Toledo Bend is ablaze with big fat bass – and many are still on spawning beds. Just ask Darold Gleason. The 32-year-old Bassmaster Central Open competitor is a full time guide on the 80-mile long reservoir that straddles the Texas-Louisiana border, and he’s caught three largemouth over 10-pounds in the past six months from the monstrous 186,000 acre impoundment.
Safe to say, the Evan Williams Bourbon Bassmaster Elite on Toledo Bend is shaping up to be a big bass beat down when the best pros in the world begin competing Thursday.
Why is it So Good?
“The drought and low water levels of 2006 and 2011 actually lead to a lot of vegetation and bushes growing around the shoreline, and when water levels returned to normal all that new growth served as an awesome flooded sanctuary for all the fingerlings that hatched,” says Gleason.
If you’re a bass, the abundance of shallow water nursery habitat on Toledo Bend creates a great place to grow-up, but an adult life spent further off-shore among acres of hydrilla makes for an awesome neighborhood to grow old and big in.
Add an abundance of groceries to the vegetation in the form of shad, crawfish and bluegills and life gets rich quickly for a largemouth living in “The Bend.”
How Good, and How Big?
“I don’t think it’s a stretch at all to say we could see the Elites bring six to eight bass a day to the scales that will weigh over 7-pounds,” says Gleason. “And over the course of the 4-day tournament, I’m guessing we will see three or four bass over 10-pounds weighed-in.”
Uniquely cool to Toledo Bend is the existence of a great conservation-minded effort called the Toledo Bend Lunker Bass program. Anglers who catch a bass 10-pounds or greater, have it weighed and photographed at a designated certified scale in the area. The trophy catch is then tagged and released alive, and participating anglers are later presented with a free fiberglass replica as the Toledo Bend Lake Association’s way of saying thanks to visiting anglers for releasing giant bass back into their waters.
In 2013, 58 bass over 10-pounds were released as part of the program. That was a record, and 2014 is statistically on course to eclipse the goodness of last year.
As far as daily tournament weights, Gleason says it’s taking 25 to 28 pounds per day to win a team event on the reservoir in recent weeks.
What phase of the spawn are they in?
There were four snow events this winter in the region. Old timers still can’t believe it, and Toledo’s largemouth are still in a bit of disbelief too, causing the spawn to be prolonged much later on the calendar. Many late bloomers are still on beds.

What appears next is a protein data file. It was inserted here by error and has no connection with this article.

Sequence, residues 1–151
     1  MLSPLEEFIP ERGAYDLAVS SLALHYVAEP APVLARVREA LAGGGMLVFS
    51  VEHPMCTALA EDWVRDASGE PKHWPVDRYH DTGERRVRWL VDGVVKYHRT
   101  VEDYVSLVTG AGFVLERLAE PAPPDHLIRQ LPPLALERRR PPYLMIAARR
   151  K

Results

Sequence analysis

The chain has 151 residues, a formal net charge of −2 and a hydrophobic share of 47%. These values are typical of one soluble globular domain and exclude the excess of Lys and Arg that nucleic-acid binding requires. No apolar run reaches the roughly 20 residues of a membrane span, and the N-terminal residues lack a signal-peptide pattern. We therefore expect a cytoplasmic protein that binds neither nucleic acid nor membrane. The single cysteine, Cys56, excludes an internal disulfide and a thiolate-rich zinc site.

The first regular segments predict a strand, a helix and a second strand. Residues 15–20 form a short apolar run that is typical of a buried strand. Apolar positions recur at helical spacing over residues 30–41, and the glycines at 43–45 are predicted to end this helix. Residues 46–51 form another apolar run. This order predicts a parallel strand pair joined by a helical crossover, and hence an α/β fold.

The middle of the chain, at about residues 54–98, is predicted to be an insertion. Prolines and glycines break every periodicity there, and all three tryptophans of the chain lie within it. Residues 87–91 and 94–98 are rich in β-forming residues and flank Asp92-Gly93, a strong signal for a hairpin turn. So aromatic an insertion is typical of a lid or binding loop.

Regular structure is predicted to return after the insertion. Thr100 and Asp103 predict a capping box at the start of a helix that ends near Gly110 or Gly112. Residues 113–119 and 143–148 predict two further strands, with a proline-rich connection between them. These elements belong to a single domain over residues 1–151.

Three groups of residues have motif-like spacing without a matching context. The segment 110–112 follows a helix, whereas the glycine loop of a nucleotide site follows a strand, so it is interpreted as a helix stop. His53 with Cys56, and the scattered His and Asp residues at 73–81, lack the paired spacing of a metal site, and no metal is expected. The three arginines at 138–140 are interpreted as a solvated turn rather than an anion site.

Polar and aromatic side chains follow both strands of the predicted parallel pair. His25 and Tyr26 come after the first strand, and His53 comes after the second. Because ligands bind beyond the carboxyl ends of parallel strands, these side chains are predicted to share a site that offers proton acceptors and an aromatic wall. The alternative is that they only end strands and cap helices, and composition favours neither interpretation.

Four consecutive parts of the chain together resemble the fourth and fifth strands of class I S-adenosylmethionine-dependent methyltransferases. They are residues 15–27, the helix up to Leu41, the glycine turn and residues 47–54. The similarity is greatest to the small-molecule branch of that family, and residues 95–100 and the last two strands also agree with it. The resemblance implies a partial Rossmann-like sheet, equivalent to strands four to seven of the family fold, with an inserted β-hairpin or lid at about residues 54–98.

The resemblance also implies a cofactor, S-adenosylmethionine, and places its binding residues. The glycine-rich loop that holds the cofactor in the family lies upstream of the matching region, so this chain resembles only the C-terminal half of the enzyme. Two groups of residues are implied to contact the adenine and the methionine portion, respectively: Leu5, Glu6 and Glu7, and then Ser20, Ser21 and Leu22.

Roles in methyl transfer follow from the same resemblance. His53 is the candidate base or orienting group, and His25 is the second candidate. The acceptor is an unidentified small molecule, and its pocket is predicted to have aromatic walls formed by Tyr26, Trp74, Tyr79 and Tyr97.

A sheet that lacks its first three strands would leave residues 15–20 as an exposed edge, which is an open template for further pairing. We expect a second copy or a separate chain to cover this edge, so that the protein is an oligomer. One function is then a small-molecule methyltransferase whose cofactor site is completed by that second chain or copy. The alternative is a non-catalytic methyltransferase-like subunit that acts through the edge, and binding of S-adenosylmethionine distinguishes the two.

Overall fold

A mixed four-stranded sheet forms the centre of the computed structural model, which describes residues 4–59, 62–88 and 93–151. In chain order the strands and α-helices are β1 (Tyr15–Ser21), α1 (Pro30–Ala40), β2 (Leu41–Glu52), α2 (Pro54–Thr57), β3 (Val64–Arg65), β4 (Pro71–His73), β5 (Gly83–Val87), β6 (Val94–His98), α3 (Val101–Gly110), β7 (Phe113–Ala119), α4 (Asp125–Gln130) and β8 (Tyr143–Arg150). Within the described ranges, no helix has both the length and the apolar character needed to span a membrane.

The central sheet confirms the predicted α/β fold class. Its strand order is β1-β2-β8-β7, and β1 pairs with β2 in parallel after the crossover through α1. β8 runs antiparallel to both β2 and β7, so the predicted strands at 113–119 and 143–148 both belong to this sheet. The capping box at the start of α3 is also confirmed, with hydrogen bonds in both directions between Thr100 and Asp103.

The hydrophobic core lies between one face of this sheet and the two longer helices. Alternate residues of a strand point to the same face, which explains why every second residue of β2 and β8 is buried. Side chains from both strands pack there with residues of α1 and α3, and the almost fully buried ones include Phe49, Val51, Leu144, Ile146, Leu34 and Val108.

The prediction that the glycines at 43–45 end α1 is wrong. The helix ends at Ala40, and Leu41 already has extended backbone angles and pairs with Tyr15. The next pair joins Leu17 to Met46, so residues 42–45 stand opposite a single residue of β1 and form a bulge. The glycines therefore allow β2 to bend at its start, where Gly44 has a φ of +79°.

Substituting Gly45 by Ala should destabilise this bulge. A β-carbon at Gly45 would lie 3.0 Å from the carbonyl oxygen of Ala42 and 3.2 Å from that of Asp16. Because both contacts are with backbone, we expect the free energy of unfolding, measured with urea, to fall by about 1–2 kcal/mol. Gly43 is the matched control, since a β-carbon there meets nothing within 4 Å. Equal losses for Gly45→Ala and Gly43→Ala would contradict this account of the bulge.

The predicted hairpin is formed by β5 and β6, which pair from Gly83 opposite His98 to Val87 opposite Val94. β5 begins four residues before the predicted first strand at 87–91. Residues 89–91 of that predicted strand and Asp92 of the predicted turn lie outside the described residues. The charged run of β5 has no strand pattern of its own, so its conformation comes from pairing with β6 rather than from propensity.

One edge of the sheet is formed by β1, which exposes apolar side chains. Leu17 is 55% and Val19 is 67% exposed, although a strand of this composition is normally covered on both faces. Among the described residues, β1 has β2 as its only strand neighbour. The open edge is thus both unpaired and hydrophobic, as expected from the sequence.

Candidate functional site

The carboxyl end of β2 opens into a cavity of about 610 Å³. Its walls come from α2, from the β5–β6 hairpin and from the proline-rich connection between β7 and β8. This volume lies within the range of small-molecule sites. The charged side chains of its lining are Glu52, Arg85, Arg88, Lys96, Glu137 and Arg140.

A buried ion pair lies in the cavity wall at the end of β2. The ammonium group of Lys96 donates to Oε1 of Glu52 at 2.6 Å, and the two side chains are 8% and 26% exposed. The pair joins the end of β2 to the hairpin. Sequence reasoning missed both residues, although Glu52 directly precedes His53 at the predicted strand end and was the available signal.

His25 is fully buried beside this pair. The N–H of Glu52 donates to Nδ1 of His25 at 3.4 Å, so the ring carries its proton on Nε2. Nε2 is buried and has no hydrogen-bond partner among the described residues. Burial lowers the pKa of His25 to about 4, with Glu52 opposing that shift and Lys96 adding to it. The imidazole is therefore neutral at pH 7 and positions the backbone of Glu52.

Fish that live in the northern end of the reservoir in places like San Patricio Creek are pretty much done spawning, but travel south 40 or 50 miles on the huge reservoir, and there are plenty of bass on beds in places like Indian Creek.
How will it be won?
“It’s bass fishing, and these guys are the best in the world, so there’s always an element of surprise and unpredictability, but I’m guessing it will be won by catching post-spawners in the morning that are gorging on spawning shad, complimented by catching big ‘kicker’ fish off the beds as the day progresses,” says Gleason. Spinnerbaits, swimbaits and jerkbaits should play huge around the shad spawn, but Gleason can’t overemphasize the importance of big bass still on beds playing a huge role this week.
“The cool thing about this lake is that just about every guy in the tournament will have a chance to win by fishing the way he loves to fish most,” says Gleason. “There are several different patterns capable of producing a win for these guys.”
How much will it take to win?
“We’re throwing darts here, but because the weather is going to be sunny with fairly calm winds, these guys should have the chance to catch a lot of big bass off beds – and if that happens I’m guessing it’ll take 85-90 pounds to win,” says Gleason.
Gleason is certainly in the ballpark. Brent Chapman won with 83-pounds the last time the Elite pros competed on The Bend, and every indication is that weights should be awesome this week. Things are red-hot good here in a region rich with big bass, piney woods and crawfish — on fire in fact.